The Bay Area project is also something of a test for an even broader revamping of the app—an appeal to a number of vulnerable groups that may often avoid the police, from the Black trans community in Atlanta to gang violence interrupters in the Chicago area. “I genuinely believe Citizen is a social justice and racial justice tool,” says Trevor Chandler, who led the Bay Area pilot program last year when he was Citizen’s director of government affairs and public policy.

But some advocates who work with Asian communities in the Bay Area, as well as experts focused on misinformation in vulnerable populations, wonder whether embracing this technology and the hyperspeed with which it can deliver information really solves the problem at heart—whether it can actually make people safer rather than just make them feel a little safer. And beyond that, they are asking whether Citizen may actually make things worse—amplifying paranoia

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By: Lam Thuy Vo
Title: How Citizen is trying to remake itself by recruiting elderly Asians
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Published Date: Mon, 20 Feb 2023 10:00:00 +0000


The Download: the EU AI Act is here, and preventing deadly cancer

This is today’s edition of The Download our weekday newsletter that provides a daily dose of what’s going on in the world of technology.

Why the EU AI Act was so hard to agree on

On Saturday, European Union lawmakers announced they’d finally agreed the terms of the final version of the EU AI Act, a major package of laws regulating the industry. To get the full low-down on what’s happened, sign up to read our AI newsletter, The Algorithm, later today.

First proposed back in 2021, the Act is now the world’s first comprehensive AI legislation. But it’s been a long and rocky road: the governing bodies missed an initial deadline for a final package last Wednesday, and details are still emerging.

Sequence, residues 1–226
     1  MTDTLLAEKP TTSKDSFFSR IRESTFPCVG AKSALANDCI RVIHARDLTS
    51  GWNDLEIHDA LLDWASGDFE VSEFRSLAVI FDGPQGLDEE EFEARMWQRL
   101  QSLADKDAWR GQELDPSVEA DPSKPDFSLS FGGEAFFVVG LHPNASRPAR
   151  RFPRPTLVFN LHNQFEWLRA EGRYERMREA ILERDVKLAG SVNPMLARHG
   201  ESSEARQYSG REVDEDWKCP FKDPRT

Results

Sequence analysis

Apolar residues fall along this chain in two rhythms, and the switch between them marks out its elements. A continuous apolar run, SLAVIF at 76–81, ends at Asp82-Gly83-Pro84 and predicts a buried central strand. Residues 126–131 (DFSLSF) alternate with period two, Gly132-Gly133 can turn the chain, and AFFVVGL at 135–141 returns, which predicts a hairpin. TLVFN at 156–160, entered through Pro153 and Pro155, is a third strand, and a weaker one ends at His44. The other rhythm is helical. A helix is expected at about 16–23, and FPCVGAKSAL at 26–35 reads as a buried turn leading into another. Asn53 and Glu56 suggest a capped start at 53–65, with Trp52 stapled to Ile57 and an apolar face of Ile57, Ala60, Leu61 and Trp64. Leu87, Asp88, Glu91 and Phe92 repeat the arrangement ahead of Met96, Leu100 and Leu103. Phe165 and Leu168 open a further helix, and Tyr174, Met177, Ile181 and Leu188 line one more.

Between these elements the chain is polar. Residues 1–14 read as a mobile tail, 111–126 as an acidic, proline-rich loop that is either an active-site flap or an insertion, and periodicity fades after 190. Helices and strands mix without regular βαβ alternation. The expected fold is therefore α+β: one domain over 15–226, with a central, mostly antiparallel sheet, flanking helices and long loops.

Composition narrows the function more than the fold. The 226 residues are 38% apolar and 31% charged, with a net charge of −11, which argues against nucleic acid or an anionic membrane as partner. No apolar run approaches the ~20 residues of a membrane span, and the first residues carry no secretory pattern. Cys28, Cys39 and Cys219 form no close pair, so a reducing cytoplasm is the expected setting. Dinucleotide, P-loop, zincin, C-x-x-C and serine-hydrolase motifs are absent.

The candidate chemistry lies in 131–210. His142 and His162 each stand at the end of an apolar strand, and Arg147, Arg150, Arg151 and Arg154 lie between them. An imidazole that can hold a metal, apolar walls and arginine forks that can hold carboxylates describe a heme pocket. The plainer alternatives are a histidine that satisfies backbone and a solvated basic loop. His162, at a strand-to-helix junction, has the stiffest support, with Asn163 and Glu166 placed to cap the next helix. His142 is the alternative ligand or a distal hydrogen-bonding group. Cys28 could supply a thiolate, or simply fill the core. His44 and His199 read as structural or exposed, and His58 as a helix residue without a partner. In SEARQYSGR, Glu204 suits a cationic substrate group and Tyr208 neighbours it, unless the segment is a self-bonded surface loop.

Tate Ryan-Mosley, our senior tech policy reporter, has dug into the key sticking points of the legislation—and what comes next. Read the full story.

This story is from The Technocrat, our weekly tech policy newsletter, which was sent before the legislation was finalized. Sign up to receive it in your inbox every Friday.

How to prevent the deadliest gynecological cancer

—by Golda Arthur, an audio journalist and podcast producer

In 2018, we found out that my mom, Teresa, had stage 4 ovarian cancer. While the odds were stacked against her, she somehow survived after a brutal six months of chemotherapy.

When the cancer came back 11 months later, she tested positive for a gene mutation, which contributed to the development of her cancer. She urged her three kids to get tested to see if we have it too. My results revealed that I do.

I’ll shortly have surgery for prophylactic removal of my ovaries and my fallopian tubes, as a way to make sure I don’t go through what my mom has gone through: four rounds with this cancer in the last five years.

In some ways, things are looking up. But there’s no getting away from those grim statistics—most women who get ovarian cancer die from it. So while removing my organs is not an ideal plan of action, it’s the only one we’ve got so far. Read the full story.

5 things we didn’t put on our 2024 list of 10 Breakthrough Technologies

No one can predict the future, but at MIT Technology Review we spend much of our time thinking about what it might hold.

Each year, we put together a list of 10 Breakthrough Technologies, picking the advances that we think have the greatest potential to change our lives (for better or worse). We’ve done this for more than 20 years, and next month we’ll reveal our picks for the 2024 list.

Every year, our reporters and editors nominate technologies that they think deserve a spot, and we spend weeks debating which ones should make the cut. Here are some of the technologies we didn’t pick this time—and why we’ve left them off, for now. Read the full story.